The car is driving away. The phone call has been terminated. Your moving van is packed. You are boarding the plane. You are holding your grandmother’s hands and telling her how she has impacted you because you know this is the last time you will be able to look into her eyes. You are rubbing your cat’s chin for the last time and savoring every purr. Endings. Are. Brutal.
Living in Pretend Permanency
So often, we want to go through life living in pretend permanency. We don’t think about how we will feel when things end. We don’t think things will end. We think that our relationships will last forever, unchanged. We adjust to changes, we keep quiet about our discontent, we bake pies and bring gifts, all avoiding one of the most painful truths about life, it ends.
Everything ends. Your job will end. Your relationship will end. Your child’s life will end. Someday and in some way, everything comes to an end. In a way, endings are something things that connects us all. It’s an experience we all go through. As impermanent as my computer is, so is my heartbeat. How can something so painful simultaneously be the space where we connect the most?
Endings: A Potential for Divine Connection
My best friend and I broke up once. The people we had become did not align as we once did and conflict was inevitable.
We created narratives to protect ourselves. We told ourselves it was for the best, but it was awful. I toiled for years about what I could have done differently. About how I could have caused her to decide not to be my friend anymore. Even when I figured it out, it wasn’t any less painful. Figuring out what I had done wrong was my attempt to go back and change what I couldn’t. I wanted the past to be different so I could avoid or have some semblance of control over the inevitable ending. I still think of her and the memory of our relationship has shaped who I am today.
Reflecting on the end of this relationship, I can see how I didn’t speak up for myself when I should have. I can see how I prioritized my connection with her over what I knew was best for me. There were so many times, I didn’t listen to myself for fear of upsetting her or rocking the connection in an irreparable way. In the end, I got to walk away with more of myself intact despite losing the connection. And I don’t feel sad about that.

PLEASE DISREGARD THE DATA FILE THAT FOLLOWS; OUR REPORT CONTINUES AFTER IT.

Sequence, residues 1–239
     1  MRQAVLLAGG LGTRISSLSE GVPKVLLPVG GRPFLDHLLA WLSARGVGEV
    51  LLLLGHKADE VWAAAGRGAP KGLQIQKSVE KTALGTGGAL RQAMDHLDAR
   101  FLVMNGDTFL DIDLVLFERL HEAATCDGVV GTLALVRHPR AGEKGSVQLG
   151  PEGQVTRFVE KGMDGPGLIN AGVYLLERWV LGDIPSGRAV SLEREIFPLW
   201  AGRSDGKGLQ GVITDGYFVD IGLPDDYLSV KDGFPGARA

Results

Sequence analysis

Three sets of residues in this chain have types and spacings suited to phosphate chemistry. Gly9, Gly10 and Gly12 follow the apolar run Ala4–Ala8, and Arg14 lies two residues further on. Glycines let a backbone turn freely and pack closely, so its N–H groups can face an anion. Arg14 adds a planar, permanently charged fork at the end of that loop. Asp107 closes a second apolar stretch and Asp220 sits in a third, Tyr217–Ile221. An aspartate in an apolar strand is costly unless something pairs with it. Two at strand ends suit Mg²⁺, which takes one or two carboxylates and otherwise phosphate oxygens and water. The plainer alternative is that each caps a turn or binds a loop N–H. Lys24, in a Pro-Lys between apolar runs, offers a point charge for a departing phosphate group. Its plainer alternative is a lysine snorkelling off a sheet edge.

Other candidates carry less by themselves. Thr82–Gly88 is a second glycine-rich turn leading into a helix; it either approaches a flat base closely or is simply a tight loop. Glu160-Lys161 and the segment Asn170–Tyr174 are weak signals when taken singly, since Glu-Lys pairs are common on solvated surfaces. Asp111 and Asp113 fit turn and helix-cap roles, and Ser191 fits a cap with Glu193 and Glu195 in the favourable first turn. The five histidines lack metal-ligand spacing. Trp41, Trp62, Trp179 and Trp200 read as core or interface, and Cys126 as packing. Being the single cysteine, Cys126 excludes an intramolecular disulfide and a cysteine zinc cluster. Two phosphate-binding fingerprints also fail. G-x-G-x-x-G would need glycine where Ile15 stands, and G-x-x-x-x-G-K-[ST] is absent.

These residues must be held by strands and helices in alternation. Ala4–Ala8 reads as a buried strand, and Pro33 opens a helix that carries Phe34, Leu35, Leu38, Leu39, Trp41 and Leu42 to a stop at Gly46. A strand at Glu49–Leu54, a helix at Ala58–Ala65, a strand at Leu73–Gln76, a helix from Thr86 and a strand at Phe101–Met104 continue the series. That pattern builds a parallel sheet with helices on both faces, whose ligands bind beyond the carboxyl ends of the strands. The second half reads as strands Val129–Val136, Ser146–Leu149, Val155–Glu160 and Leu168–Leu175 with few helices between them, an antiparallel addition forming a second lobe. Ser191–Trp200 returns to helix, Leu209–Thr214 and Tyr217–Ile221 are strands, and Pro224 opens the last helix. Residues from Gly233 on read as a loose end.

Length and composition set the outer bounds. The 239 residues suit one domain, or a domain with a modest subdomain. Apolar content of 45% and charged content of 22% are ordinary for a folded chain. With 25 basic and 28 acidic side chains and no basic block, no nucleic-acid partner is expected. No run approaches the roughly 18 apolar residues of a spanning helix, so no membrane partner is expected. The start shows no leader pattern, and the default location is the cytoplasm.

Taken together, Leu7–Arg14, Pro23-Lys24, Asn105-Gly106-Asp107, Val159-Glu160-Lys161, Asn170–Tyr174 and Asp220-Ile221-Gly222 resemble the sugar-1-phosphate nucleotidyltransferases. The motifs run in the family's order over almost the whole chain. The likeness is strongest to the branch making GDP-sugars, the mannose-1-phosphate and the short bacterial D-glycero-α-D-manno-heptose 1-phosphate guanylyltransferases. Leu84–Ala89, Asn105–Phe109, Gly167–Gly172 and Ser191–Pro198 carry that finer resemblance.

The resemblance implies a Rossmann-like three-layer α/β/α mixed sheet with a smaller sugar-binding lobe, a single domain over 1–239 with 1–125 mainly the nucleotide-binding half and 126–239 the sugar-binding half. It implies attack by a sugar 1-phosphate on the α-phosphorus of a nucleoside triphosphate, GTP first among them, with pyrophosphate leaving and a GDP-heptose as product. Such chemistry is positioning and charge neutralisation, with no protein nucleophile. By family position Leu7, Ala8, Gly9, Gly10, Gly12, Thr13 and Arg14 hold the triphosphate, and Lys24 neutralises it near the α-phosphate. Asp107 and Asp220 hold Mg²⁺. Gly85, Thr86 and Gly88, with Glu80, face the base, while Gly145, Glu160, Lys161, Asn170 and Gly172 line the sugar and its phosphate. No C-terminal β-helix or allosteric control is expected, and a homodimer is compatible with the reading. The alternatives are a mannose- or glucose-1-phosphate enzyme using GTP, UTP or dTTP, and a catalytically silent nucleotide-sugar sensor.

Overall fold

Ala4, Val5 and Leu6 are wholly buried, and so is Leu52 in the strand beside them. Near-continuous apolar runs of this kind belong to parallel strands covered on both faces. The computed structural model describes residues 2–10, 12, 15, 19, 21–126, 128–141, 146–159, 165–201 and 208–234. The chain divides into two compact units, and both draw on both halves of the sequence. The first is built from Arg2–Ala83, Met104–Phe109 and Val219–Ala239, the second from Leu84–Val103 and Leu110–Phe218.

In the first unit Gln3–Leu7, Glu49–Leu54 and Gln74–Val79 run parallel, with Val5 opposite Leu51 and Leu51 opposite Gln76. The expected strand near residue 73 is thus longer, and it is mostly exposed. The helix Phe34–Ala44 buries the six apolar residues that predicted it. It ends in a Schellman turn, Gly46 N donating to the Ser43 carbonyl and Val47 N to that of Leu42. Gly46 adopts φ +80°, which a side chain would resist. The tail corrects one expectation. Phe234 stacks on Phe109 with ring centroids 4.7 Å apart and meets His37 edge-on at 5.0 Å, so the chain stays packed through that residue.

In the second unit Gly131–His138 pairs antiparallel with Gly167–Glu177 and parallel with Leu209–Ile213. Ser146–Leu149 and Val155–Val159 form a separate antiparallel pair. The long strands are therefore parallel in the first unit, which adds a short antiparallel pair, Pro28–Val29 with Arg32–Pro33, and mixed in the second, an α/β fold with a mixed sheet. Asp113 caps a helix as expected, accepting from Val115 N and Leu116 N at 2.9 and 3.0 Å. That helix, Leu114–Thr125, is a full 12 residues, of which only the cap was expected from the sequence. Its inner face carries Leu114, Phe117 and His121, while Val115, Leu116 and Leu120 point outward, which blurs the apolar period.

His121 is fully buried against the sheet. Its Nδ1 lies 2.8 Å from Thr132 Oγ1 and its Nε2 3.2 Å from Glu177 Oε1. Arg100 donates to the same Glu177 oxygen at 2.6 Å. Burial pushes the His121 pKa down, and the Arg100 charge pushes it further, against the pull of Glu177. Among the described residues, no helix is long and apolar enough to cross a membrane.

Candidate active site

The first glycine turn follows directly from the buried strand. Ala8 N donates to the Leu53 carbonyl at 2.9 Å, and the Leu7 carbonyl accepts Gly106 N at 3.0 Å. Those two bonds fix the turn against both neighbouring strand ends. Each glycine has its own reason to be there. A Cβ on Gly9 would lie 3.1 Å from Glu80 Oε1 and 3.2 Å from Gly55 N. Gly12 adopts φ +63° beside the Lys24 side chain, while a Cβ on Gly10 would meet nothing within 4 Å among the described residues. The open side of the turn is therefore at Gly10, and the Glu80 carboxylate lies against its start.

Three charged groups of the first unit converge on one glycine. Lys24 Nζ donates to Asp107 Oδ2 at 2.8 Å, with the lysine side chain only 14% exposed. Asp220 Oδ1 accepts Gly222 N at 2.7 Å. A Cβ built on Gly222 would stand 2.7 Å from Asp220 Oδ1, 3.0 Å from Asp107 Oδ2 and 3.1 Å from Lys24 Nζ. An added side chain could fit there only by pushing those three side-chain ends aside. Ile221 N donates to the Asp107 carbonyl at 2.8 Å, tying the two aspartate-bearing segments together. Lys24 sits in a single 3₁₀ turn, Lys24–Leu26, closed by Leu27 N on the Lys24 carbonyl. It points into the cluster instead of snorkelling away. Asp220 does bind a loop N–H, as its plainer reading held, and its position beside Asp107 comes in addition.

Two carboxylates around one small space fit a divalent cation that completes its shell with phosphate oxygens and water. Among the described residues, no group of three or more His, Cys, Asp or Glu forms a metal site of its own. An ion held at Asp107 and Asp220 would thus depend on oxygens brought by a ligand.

My cat– a big, orange, fluffy, fetch playing, 30-pound lob of love – died in my arms one day at a vet’s office. While I sobbed and screamed, he turned grey in front of me as I watched his angelic spirit go to a different place. When I got home, the radio was magically on. It was playing a song about better days ahead. I told myself it was my cat. I told myself he was sending me a message from somewhere else.
The story I created was to help me avoid the truth about what happened, an ending. When my stereo mysteriously comes on in the middle of the night or blasts loudly during dinner time for seemingly no reason, I know it’s Krumm, my cat, coming through to let me know he’s with me. It’s been 8 years and my cat is still the background on my lock screen. His photo reminds me that I am supported by the divine in ways I can never fully comprehend. And I feel so much joy about that.
The Most Human Thing Ever
Why are we avoiding such an inevitable part of being alive? Part of the preciousness of our existence is inherent in its impermanence. So, what makes us so keen to avoid our own aliveness?
Part of what makes it difficult to be present with endings is the messages we receive around them. We see things that end as failures. We’re subtly and sometimes directly told that if we cannot make something work, it means that we didn’t try hard enough, work hard enough, or give enough of ourselves. Sometimes if we initiate an ending, we are named “selfish” for making choices that may negatively impact other people. Endings are stigmatized. Endings are not revered. Endings are equated with a lack of control and effort.